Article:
Wednesday, October 16, 2013

Day 2, Clyde Holliday State Park, Oregon to Elko, Nevada

Oh my, it got cold, very cold, last night although I am unsure of exactly how cold but for sure in the low 30"s maybe lower. That portable alcohol heater sure did its job of keeping my sleeping area warm. In fact, some time in the night I woke to turn the heater off, only to turn it back on.  This Origo heater is invaluable.  I was so nice and warm I didn't want to get up. I kept on waiting for the sun, but then realized by being in a valley it could be some time before the sun's rays hit my camp.

I warmed up by heating up water for coffee and instant oatmeal. It was so cold I had to put gloves on. I'm sure my neighboring campers were amused watching me as they sat in their big travel trailers all nice and warm. I wished I was too. I wolfed down the coffee and oatmeal. I then heated up the rest of the coffee to boiling hot and re-filled my thermos. Camp was easy to break. Move the stuff from the cab to the back and I was done.

I didn't register or pay for my campsite last night so Rocky and I took a walk to register. Then we walked farther along the John Day River on a nice park trail. Several times we saw deer out feeding. They were probably using the state park as a refuge to keep from being hunted as it was hunting season. I noticed that it definitely got cold because there were many places you could see where water in small puddles, ditches, and ponds had a thin layer of ice. The coffee, oatmeal, and brisk walk were warming me up. When I left Clyde Holliday State Park the truck temperature gauge showed a low of 29 F. Okay, it is officially cold.

After leaving Clyde Holliday State Park shortly after 8 AM, I entered the small town of John Day. I decided to get gas because this was the last town of any size until I got to Winnemucca, Nevada almost 300 miles away. In this distance I only went through three small towns, if you could call them that. Actually they really were a collection of a few houses (less than 10), a grade school, mercantile, and a post office. Lots of vacant buildings which let you know that sometime in their past they were bigger and more significant than they are now. The three towns were Frenchglen, Fields, and Denom. Denom actually straddled the Oregon-Nevada border and was the sorriest looking of the three.  You could tell Frenchglen had some former history to it and still had a thriving elementary school.  Fields seemed to be more of a hunters destination, although the elementary school seemed smaller. Perhaps Frenchglen or Fields had gas but it wasn't obvious. Denom didn't have anything - school, post office, store or bar. In fact, I wonder considering the shape the town was in, why would anyone choose to live there.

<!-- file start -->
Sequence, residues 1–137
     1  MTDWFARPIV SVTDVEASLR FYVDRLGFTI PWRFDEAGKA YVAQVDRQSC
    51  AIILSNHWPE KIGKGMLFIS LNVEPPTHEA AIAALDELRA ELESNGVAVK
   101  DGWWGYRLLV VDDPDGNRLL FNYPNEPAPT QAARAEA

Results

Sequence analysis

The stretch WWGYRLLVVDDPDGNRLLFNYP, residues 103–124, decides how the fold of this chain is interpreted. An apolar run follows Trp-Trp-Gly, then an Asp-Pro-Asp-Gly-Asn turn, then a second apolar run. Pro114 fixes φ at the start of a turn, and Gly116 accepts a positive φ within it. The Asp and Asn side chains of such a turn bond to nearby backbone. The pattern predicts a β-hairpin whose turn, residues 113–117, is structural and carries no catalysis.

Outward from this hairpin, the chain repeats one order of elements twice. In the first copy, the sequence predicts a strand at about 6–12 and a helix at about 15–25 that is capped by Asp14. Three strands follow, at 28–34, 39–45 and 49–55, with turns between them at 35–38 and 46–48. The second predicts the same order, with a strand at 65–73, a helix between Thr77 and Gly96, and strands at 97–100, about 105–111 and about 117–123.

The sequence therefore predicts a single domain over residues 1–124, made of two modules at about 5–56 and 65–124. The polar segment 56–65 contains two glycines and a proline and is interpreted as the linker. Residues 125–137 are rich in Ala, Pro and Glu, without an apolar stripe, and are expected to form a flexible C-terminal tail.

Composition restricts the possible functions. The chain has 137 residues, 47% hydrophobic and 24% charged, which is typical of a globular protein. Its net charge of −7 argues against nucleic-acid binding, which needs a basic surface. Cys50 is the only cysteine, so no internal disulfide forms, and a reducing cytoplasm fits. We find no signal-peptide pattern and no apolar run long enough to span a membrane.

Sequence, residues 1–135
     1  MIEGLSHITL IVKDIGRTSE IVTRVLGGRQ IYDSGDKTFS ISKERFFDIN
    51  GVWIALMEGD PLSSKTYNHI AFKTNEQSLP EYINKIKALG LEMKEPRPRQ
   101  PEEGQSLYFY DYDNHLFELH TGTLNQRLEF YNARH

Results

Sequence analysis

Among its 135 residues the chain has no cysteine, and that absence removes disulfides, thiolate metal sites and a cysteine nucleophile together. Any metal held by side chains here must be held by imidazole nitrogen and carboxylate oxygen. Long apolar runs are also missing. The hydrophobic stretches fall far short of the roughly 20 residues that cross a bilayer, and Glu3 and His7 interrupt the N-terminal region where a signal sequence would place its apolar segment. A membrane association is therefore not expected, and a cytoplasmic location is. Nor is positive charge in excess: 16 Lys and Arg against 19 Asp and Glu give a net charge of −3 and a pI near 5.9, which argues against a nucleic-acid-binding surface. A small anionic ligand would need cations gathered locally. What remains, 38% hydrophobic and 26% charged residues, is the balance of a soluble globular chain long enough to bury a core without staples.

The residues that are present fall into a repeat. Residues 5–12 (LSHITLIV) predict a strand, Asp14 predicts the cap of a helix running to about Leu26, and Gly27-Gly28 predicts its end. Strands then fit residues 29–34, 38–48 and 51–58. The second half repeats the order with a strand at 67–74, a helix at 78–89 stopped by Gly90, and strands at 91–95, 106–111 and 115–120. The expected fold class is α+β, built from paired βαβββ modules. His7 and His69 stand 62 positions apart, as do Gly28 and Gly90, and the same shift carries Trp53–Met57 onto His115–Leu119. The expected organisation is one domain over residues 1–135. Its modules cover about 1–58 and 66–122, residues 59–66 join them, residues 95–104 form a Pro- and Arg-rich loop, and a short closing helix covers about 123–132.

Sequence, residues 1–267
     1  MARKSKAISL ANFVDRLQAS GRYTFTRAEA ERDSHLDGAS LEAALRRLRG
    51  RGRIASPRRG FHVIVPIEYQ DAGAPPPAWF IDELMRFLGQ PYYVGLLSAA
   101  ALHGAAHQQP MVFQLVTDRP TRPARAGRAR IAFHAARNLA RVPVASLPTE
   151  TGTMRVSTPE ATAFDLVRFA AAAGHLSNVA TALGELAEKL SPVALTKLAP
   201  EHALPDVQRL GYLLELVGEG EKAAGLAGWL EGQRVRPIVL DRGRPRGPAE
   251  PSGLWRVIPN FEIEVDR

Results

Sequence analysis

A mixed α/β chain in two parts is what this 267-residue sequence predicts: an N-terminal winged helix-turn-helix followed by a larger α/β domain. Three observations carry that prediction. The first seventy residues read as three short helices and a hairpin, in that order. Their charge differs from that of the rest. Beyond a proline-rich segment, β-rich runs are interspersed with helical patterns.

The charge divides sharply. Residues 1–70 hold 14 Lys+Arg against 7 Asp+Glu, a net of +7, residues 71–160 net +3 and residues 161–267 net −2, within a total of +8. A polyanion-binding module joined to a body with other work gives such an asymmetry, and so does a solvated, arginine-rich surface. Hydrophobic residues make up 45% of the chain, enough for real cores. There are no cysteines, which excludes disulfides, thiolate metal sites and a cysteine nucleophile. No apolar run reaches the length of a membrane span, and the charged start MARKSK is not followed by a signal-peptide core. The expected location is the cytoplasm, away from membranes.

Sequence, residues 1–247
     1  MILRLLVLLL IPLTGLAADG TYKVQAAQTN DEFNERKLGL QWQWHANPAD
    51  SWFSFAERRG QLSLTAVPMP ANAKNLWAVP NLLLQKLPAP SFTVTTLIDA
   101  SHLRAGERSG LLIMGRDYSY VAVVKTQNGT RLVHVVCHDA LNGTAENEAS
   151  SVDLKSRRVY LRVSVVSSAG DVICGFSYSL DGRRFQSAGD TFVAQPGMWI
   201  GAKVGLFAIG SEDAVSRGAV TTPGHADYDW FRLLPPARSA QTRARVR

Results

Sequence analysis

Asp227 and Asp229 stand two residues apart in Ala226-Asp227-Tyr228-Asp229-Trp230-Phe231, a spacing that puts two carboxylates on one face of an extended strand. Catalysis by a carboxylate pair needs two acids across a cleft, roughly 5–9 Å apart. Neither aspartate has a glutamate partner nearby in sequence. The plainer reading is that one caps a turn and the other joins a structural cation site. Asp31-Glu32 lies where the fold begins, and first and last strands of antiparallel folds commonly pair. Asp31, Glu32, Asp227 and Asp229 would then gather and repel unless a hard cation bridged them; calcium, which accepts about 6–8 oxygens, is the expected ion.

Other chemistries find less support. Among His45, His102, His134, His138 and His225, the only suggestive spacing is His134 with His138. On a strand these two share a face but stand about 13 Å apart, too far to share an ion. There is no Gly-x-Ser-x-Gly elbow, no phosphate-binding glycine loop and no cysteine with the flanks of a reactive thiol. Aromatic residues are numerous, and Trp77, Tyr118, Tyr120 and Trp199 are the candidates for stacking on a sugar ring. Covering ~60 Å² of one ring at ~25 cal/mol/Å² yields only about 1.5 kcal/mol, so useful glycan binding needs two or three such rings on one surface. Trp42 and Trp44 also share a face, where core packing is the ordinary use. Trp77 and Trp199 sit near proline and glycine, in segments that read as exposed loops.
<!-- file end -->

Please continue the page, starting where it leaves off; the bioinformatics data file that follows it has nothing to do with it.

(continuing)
Day 2 route is yellow highlighted
Today's route was, US Highway 26 to the town of John Day, about 7 miles. Turn right on to US Highway 395 all the way to just outside of Burns (about 67 miles) to turn off onto OR SR 205, the Frenchglen Highway. Frenchglen being about 60 miles away. Staying on OR SR 205 for 73 miles until the Oregon-Nevada border where OR SR 205 became NV SR 292. Three miles down NV SR 292 where it becomes NV SR 140. Travel 65 miles on NV SR 140 with several very long straight stretches until it hits US Hwy 95. A right turn onto US 95 and 31 miles later you're in Winnemucca, Nevada. A left turn onto Interstate 80 and 124 miles later you are in Elko.
Silvies Ranch country along US 395 heading south

Between John Day and Malheur the scenery was typical of the day before. A winding this-way-that-way road up a canyon until it hit a high point in the woods. Basalt columnar cliffs and large out croppings of basalt rocks mixed in with willows along the canyon creek and Ponderosa pines everywhere else. The Silvies Ranch before I got to Burns, Oregon, seemed to go on for miles. I noticed that the ranch had several huge barns or sheds that always featured three evenly spaced characteristic cupolas on the roof. Also, the gateways to the ranch were stucco arches versus typical log gateways. US 95 bisected at least 12 or more miles of the Silvies Ranch.

Just before Burns, US 95 started dropping out of forested country and into high desert scrub-sagebrush with steppes and buttes. Malheur Lake was shimmering in the morning sunlight. I considered stopping at Malheur Wildlife Area but it was closed due to the government shutdown. Malheur is famous for observing waterfowl. OR SR 205 bisected the western edge of the Malheur reservoir. I slowed down but didn't see any waterfowl. What I did have to stop for was a cattle drive across the road. Now how often does that happen to you?  I was most intrigued how the two Border Collies did all the work to keep the cattle in line. They wandered this way and that way stopping every now and then. The cowboys on horseback simply rode along at the cattle's pace. Wow! Might not seem like much but I found that fascinating and a most welcome diversion.